Review of Home Skin Hair Removal Systems

If you watch TV during the evening and early morning hours, you have definitely seen commercials for the NoNoPro and other home hair removal systems.  This article reviews some of the recent literatureWest-Valley-Dermatology-Home-Skin-Care-Removal-3 surrounding this and other similar devices.

How do these devices work?

These devices are not actually lasers, but intense pulsed light (IPL).  They utilize a spectrum of visible light wavelengths that correspond with melanin, the pigment found in hair.  Upon quick pulses of this light using various energies, the hair absorbs the energy, transferring heat into the follicle and arresting the growth of hair.  

Do these devices actually work?

West-Valley-Dermatology-Home-Skin-Care-Removal-BraunAll devices released thus far have only been tested on body hair, though commercials allude or demonstrate facial hair reduction.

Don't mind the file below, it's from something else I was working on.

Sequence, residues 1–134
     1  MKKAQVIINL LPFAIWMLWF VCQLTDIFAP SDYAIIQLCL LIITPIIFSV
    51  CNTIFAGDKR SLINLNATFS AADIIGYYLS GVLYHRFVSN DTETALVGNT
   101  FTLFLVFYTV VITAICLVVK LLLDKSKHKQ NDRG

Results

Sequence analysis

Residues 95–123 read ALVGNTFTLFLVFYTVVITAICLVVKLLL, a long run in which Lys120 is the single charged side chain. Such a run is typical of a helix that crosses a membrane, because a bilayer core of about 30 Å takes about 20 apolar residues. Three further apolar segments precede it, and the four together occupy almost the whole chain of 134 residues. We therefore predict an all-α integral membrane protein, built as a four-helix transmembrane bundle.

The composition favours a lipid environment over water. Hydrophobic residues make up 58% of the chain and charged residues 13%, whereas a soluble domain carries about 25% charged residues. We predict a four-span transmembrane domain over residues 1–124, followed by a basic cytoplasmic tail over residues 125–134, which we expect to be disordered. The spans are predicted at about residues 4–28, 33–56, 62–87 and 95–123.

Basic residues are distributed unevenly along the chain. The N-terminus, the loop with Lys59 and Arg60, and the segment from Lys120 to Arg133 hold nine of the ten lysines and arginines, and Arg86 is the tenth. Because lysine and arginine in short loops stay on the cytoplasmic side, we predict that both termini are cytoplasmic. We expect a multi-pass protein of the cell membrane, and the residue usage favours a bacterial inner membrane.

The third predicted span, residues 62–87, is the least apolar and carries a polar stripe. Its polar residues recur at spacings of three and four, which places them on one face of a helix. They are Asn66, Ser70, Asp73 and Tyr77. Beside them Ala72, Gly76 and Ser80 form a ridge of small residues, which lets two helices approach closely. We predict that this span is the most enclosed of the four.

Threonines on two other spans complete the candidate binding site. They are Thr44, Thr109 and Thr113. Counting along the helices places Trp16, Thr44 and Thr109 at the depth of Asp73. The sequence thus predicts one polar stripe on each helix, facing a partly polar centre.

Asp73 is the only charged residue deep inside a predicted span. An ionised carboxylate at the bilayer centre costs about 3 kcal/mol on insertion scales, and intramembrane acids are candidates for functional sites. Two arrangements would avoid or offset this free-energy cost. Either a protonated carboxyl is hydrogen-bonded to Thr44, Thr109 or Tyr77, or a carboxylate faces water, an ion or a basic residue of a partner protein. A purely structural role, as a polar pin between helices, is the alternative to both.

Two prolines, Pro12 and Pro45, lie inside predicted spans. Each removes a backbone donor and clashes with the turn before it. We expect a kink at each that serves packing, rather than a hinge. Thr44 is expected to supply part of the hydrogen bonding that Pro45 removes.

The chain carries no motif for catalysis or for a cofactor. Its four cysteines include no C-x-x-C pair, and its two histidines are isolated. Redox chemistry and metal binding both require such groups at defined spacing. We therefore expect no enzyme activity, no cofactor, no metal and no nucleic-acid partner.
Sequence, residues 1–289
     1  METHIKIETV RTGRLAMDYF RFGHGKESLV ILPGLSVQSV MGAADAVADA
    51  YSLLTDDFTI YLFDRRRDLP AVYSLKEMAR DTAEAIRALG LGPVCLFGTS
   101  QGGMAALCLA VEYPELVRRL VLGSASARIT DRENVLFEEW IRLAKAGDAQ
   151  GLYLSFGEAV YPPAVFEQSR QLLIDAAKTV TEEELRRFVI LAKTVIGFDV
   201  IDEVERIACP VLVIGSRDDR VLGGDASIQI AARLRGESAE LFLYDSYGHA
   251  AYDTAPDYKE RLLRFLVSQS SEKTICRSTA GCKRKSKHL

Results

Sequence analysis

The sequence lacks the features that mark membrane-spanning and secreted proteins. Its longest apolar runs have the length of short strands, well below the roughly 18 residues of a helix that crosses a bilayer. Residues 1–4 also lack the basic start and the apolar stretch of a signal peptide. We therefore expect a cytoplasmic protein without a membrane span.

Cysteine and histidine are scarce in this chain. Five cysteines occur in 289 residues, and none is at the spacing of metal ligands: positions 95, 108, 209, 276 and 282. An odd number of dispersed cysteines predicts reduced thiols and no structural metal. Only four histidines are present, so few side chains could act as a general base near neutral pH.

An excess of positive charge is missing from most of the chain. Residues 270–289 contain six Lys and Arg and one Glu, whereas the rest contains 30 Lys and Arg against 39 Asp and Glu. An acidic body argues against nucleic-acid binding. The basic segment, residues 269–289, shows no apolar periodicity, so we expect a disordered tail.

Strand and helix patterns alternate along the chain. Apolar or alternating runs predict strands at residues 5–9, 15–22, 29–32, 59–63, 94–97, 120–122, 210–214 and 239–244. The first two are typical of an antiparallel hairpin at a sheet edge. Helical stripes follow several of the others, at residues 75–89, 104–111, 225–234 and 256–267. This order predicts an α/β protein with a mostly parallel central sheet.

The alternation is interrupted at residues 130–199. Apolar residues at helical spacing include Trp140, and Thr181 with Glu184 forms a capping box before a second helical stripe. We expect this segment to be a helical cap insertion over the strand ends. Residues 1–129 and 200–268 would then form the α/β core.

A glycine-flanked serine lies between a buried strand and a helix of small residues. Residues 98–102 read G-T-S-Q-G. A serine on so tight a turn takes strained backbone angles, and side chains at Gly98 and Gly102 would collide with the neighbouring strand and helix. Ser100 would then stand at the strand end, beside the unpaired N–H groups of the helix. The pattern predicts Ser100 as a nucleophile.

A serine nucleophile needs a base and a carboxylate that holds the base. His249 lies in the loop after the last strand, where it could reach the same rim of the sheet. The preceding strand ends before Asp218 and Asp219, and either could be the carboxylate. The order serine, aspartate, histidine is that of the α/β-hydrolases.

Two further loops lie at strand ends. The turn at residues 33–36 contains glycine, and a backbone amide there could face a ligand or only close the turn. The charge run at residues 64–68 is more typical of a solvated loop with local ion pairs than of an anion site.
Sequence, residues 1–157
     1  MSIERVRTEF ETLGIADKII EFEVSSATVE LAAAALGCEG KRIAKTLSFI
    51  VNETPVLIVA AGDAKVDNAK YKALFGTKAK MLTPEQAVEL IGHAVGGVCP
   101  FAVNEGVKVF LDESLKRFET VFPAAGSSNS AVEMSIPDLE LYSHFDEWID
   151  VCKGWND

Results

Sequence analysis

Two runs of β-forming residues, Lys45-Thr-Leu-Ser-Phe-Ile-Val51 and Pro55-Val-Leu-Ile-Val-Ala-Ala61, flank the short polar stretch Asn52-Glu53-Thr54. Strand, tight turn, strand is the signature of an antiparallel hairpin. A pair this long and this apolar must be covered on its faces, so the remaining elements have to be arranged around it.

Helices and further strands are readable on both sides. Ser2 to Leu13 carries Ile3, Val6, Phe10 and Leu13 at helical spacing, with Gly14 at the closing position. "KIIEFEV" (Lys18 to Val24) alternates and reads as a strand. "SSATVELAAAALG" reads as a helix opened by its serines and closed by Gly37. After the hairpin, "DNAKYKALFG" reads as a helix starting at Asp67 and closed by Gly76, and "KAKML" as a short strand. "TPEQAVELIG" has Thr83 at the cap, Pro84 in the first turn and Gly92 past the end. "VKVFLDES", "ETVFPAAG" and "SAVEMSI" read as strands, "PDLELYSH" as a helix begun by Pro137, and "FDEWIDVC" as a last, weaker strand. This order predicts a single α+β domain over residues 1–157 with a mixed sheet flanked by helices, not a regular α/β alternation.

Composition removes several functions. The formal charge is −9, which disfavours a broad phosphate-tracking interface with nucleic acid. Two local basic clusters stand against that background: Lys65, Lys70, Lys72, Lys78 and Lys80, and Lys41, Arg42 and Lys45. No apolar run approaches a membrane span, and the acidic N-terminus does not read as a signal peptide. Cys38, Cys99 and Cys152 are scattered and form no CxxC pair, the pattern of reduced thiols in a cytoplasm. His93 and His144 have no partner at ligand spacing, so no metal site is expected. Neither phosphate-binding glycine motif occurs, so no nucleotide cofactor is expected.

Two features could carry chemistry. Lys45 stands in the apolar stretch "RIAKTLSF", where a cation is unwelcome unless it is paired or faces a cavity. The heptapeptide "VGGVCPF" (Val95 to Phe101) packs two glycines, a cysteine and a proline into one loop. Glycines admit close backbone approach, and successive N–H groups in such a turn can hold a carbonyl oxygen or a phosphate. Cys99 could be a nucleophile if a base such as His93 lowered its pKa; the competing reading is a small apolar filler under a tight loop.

Interesting right?

The first device studied for facial hair removal was published in July 2015.  In a study of 17 female subjects with darker skin types (Fitzpatrick skin type III and IV), facial hair reduction was calculated based on mean number of terminal hairs reduced after six treatments spaced two weeks apart.  The baseline number of hairs in a square centimeter prior to treatment was 22.7.  After treatment, the mean hair count decreased to 4.4.  The results were statistically significant.  Even after three months, the mean hair count was 5.4.  There were no adverse events among any patients.

Prior devices, which were reviewed in an article called “Are home-use intense pulsed light (IPL)devices safe?” published in Lasers in Medical Science in 2010 found that many home laser hair removal systems don’t have the power output as described in their labeling, which makes them less effective.

The bottom line is that these devices should be effective, as well as safe.  Many of the new products on the market are effective, and have been proven in clinical studies.